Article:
• Establish a national arts, health, and well-being research network with best practice sharing (map out who funds what and under what parameters). This solution is not exclusive to aging-related concerns.

Lifelong Learning and Engagement in the Arts

“Learning is important across the life span for us to continue to be generative throughout our entire lives. Arts education is not only for children and youth, but for all of us,” said William Benson, moderator of the summit and managing principal of Health Benefits ABCs. “Lifelong learning” is defined by Collins Dictionary online as “provision or use of both formal and informal learning opportunities throughout people’s lives in order to foster the continuous development and improvement of the knowledge and skills needed for employment and personal fulfillment.” A large portion of the adult population of the United States is enrolled in some type of lifelong learning program.

At the summit, the Lifelong Learning and Engagement in the Arts track focused on policy issues and barriers related to the promotion of greater cognition and creativity among older adults by means of arts engagement. Topics included the arts as a conduit of intergenerational learning, the role of older artists as social entrepreneurs, and how the arts contribute to or refashion society’s understanding of what it means to age in the twenty-first century. The Lifelong Learning and Engagement in the Arts participants included invited leaders from the arts, education, and aging communities, who represented government, for-profit and nonprofit organizations, and foundations.

The following solutions were offered:

  • Actively work to eliminate ageism across all federal policies in the arts, health care, education, and community design.
  • Catalyze increased public/private funding by convening funders and developing innovative funding models based on earned income and public/private partnerships.
  • Collaborate across federal, state, and local governments to collect data, map the ecosystem, and leverage the potential of successful programs in order to build a sustainable supply to meet the growing demographic demand.
  • Promote and fund research on cost-effectiveness and outcomes of lifelong learning for career development and life enrichment, including intergenerational programs and services.
  • Increase visibility and support of individual older artists and provide support for programs that enhance their quality of life and work.
  • Promote workforce development to build a broad and diverse community of teaching artists to work across community settings, including education, vocational and avocational, health care, parks and recreation, senior centers, and arts organizations of all disciplines.

Findings of the Summit at Large (including Social Media Participation)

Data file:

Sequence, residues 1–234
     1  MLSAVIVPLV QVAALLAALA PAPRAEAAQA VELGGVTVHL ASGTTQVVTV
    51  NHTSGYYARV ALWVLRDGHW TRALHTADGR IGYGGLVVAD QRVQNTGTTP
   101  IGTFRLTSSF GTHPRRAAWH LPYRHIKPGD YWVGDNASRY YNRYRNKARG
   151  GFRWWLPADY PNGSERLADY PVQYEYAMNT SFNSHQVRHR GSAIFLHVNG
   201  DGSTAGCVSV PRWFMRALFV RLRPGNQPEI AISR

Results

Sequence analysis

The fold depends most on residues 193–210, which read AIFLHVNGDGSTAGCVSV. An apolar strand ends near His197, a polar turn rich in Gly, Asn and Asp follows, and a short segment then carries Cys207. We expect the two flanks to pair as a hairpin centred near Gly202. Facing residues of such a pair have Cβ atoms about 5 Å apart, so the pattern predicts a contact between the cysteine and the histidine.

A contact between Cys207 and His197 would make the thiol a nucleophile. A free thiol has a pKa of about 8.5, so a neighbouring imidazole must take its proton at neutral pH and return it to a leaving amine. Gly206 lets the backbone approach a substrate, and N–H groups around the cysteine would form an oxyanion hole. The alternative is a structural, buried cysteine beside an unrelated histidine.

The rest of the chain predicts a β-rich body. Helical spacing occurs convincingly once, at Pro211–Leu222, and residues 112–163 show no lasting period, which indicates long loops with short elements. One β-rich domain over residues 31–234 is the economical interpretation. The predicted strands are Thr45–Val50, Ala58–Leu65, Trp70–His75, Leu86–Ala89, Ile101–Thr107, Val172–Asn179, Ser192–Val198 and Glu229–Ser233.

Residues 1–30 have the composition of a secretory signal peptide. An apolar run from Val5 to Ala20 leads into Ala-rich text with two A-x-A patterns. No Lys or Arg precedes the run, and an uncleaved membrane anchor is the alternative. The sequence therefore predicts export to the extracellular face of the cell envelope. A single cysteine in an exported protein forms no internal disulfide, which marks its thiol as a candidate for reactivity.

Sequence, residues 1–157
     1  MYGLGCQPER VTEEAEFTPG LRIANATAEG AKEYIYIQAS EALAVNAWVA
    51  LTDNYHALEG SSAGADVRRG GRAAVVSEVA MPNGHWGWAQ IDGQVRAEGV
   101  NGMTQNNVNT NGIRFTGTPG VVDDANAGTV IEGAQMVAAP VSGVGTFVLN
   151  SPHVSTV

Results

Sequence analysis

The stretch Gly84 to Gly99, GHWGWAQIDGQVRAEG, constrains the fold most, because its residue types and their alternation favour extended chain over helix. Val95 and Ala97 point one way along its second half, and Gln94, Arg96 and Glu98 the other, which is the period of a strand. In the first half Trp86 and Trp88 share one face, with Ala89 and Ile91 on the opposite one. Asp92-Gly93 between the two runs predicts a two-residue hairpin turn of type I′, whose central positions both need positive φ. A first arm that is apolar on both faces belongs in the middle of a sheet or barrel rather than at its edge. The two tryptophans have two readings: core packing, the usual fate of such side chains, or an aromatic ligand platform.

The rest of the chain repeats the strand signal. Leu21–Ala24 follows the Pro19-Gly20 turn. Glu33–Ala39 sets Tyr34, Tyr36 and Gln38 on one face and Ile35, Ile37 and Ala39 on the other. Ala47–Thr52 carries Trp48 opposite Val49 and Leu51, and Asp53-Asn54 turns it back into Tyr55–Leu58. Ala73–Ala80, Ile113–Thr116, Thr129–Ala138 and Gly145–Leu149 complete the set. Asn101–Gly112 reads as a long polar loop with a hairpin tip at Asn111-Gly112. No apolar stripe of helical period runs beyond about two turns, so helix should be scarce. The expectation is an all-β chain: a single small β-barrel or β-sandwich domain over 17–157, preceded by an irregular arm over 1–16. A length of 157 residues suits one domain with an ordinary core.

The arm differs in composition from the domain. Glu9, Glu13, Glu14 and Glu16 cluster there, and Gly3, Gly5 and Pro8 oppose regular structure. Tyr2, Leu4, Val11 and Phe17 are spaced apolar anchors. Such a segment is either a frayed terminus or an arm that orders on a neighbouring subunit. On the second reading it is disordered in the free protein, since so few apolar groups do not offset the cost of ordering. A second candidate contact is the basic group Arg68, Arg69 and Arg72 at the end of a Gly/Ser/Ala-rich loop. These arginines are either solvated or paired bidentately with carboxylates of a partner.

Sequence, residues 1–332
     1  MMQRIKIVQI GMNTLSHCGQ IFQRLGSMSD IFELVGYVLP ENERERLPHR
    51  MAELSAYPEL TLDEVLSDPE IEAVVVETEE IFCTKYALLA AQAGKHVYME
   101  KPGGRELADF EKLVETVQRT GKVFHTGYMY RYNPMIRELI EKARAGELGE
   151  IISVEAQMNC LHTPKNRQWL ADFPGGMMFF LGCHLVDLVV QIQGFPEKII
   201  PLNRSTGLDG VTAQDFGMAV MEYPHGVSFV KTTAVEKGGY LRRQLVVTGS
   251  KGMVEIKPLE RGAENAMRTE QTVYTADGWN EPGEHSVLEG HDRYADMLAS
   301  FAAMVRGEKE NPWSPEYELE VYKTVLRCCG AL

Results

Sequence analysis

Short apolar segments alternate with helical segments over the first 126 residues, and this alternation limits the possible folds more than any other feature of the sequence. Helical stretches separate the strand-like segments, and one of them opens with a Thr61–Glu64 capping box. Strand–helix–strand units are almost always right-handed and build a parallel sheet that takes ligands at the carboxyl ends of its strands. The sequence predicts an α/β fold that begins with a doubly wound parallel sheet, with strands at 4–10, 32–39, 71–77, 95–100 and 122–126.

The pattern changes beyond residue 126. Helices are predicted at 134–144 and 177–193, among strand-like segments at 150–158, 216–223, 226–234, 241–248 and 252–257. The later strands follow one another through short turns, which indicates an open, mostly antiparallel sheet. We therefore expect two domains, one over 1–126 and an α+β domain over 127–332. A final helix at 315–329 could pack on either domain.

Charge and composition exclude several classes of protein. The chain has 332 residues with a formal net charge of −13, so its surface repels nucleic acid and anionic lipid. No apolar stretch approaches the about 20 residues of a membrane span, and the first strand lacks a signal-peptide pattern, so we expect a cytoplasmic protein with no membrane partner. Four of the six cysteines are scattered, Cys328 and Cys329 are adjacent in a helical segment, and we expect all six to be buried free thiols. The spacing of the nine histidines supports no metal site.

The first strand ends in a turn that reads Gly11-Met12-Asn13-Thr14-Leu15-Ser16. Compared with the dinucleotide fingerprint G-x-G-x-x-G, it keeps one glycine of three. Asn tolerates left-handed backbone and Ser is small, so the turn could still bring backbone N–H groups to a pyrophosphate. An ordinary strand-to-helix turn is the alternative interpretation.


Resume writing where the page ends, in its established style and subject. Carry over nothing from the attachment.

The three topic area groups presented their findings to the full body of summit attendees, including those participating through social media. The summit at large discussed these findings and addressed the most important issues, needs, barriers, and solutions in the three areas. These principal findings of the summit discussions are outlined below.

The Role of the Arts in the WHCOA Convenings

WHCOA Regional Forums

The White House held regional forums in Tampa, Seattle, Phoenix, Cleveland, and Boston in February and March 2015, and creativity and arts engagement played an important role throughout. Intergenerational programs that utilize the arts as equalizers between participants (including people with memory loss) were explored. For instance, WHCOA representatives visited the Intergenerational School of Cleveland, Ohio, an award-winning charter school that engages people with early-stage Alzheimer’s to mentor high-risk youth, helping them achieve high scores on standardized tests and graduation. The artwork of older artists was celebrated in each location. The WHCOA regional forums collaborated with state arts agencies and regional arts organizations, leveraging and highlighting the important arts infrastructure that the NEA has nurtured across the country. For example, the Arizona Commission on the Arts assisted in the planning and production of the Phoenix forum, and other state arts commissions assisted in finding older artists and related visual arts exhibitions.

Recommendations for the Field

The NEA gathered and analyzed the comments and findings covered throughout summit discussions and has distilled them into a set of recommendations that the NEA would submit for consideration by the leadership of the creativity and aging field.

  1. Launch a national campaign to reframe arts services to address the reality and benefits of longevity, combat ageism, and promote intergenerational programs and services. This national campaign would tie into the related efforts of AARP, PBS Second Avenue, and other national advocates. Led by a public/private partnership, the campaign would not only generate arts engagement throughout the older population, it would also provide new revenue to arts organizations and jobs for teaching artists and other art service providers.